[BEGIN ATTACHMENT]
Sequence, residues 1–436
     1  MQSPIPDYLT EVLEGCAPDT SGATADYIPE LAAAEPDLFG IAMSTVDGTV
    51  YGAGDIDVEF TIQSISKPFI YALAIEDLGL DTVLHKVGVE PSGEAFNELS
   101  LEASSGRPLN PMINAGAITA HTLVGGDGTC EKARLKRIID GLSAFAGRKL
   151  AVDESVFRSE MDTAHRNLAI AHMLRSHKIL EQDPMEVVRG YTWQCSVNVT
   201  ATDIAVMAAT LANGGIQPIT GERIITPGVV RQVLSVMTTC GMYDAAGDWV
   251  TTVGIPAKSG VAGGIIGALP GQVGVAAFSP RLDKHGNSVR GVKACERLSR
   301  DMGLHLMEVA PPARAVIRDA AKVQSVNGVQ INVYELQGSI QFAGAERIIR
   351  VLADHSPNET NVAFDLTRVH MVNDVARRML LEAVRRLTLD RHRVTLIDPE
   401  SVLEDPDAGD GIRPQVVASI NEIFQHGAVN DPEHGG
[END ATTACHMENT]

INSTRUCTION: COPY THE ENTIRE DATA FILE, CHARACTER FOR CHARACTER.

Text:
Sequence, residues 1–436
     1  MQSPIPDYLT EVLEGCAPDT SGATADYIPE LAAAEPDLFG IAMSTVDGTV
    51  YGAGDIDVEF TIQSISKPFI YALAIEDLGL DTVLHKVGVE PSGEAFNELS
   101  LEASSGRPLN PMINAGAITA HTLVGGDGTC EKARLKRIID GLSAFAGRKL
   151  AVDESVFRSE MDTAHRNLAI AHMLRSHKIL EQDPMEVVRG YTWQCSVNVT
   201  ATDIAVMAAT LANGGIQPIT GERIITPGVV RQVLSVMTTC GMYDAAGDWV
   251  TTVGIPAKSG VAGGIIGALP GQVGVAAFSP RLDKHGNSVR GVKACERLSR
   301  DMGLHLMEVA PPARAVIRDA AKVQSVNGVQ INVYELQGSI QFAGAERIIR
   351  VLADHSPNET NVAFDLTRVH MVNDVARRML LEAVRRLTLD RHRVTLIDPE
   401  SVLEDPDAGD GIRPQVVASI NEIFQHGAVN DPEHGG